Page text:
Like I said earlier, I don’t typically use fancy transitions, fades, or animations. I like to focus the audience attention on the hardware being demoed, not how clever we can make the slides. If you use text on a slide, try to keep it to 3 or 4 lines. Keep it simple and terse, just like commands in Linux.

You might also consider limiting your talk to three main topics. That way you can have an exciting introduction, the three topics, some razzle-dazzle time showing off your hardware, and a call to action closing statement, all within a 40-minute time slot. You could also figure in 5 to 10 minutes of question and answer time, if you so desire. Sometimes I do Q&A, sometimes I don’t. I like to use a few slides to introduce a new topic then move the audience over to the physical hardware and so I can drive home what I just explained.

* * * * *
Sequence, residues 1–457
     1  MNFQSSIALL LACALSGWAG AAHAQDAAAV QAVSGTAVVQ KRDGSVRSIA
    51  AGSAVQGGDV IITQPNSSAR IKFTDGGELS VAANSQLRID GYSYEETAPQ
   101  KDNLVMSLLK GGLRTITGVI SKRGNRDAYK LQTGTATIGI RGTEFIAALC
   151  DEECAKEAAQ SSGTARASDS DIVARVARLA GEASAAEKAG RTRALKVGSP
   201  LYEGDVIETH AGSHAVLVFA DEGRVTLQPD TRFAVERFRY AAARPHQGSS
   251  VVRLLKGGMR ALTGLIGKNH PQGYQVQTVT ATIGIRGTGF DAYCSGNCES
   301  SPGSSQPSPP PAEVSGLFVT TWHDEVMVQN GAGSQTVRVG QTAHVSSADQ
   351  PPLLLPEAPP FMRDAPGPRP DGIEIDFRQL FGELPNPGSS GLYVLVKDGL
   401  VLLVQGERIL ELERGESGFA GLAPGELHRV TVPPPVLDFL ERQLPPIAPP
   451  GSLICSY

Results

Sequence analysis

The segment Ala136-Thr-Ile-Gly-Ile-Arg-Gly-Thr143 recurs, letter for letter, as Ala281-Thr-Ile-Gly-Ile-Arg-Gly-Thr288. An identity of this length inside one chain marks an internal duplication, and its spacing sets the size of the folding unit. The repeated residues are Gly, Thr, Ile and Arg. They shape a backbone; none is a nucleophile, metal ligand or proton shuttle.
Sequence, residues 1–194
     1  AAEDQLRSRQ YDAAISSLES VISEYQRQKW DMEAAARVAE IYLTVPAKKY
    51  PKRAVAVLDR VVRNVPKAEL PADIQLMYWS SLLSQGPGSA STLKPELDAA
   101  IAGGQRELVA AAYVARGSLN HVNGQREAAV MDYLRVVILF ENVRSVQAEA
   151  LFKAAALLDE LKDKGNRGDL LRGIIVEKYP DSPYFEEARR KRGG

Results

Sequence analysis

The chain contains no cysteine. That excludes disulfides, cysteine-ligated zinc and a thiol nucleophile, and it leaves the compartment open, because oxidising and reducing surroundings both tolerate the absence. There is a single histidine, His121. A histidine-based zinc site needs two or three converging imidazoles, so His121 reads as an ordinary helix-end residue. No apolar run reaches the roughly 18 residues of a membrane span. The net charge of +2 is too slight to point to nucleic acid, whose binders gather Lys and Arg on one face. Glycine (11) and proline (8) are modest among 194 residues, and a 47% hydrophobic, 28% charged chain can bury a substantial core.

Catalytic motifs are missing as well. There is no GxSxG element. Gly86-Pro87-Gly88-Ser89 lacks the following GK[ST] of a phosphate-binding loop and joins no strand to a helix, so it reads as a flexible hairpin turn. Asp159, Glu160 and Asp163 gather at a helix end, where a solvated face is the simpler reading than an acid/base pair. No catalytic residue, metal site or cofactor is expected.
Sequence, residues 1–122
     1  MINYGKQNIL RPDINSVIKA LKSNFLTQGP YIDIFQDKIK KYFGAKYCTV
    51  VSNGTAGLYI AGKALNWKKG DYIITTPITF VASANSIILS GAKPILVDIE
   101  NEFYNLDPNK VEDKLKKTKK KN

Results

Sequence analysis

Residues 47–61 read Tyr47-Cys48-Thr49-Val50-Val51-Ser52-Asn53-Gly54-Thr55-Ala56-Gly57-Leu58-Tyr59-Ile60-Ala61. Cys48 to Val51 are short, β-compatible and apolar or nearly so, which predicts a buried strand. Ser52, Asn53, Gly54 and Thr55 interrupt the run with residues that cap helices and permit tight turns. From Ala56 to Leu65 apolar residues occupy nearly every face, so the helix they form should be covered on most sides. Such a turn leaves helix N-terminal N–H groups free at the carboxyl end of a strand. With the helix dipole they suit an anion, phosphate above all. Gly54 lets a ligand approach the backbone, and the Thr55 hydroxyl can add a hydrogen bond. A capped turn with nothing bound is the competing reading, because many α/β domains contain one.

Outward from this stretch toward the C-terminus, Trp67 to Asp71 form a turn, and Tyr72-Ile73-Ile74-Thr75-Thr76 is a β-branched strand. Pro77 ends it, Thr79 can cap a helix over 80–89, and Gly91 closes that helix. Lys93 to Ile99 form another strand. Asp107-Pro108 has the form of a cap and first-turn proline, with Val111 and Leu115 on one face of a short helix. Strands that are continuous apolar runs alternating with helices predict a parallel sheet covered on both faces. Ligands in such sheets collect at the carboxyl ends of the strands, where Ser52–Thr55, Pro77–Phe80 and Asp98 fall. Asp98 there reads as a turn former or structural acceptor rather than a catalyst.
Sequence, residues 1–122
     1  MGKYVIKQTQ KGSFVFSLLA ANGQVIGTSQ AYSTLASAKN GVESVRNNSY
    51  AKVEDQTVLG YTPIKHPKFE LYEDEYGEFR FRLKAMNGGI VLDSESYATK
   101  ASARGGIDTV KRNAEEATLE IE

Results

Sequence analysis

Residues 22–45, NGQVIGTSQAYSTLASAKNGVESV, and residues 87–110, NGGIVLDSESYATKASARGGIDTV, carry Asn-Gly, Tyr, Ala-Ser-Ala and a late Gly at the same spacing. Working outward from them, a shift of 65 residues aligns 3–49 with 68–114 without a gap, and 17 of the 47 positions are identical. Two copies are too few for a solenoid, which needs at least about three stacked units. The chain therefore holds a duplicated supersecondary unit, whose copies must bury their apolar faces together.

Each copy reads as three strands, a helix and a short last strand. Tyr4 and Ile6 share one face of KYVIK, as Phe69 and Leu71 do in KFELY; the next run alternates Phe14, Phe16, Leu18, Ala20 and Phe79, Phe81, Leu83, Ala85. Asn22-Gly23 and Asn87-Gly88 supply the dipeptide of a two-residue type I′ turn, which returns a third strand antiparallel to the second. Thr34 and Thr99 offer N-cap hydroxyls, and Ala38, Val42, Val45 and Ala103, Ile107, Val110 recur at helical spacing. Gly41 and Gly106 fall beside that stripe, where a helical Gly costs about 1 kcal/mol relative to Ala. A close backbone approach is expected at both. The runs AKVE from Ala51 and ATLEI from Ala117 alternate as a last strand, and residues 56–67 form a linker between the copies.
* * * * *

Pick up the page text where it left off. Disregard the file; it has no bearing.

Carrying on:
Build In Your Contingencies

How do you plan for contingencies? Run through your presentation, in real time, once or twice.

A great rule of thumb is to make sure to run through your presentation a minimum of 3 times, before a show. Here’s why. Practicing your talk in real time, with your slides and hardware exposes the failure points and weak sections of your presentation. The first time through you’ll probably go way over time, it’s likely the way you show the hardware will be awkward, or you simply will realize you have a few things out of order.

There are your baselines, now go iron out the bugs.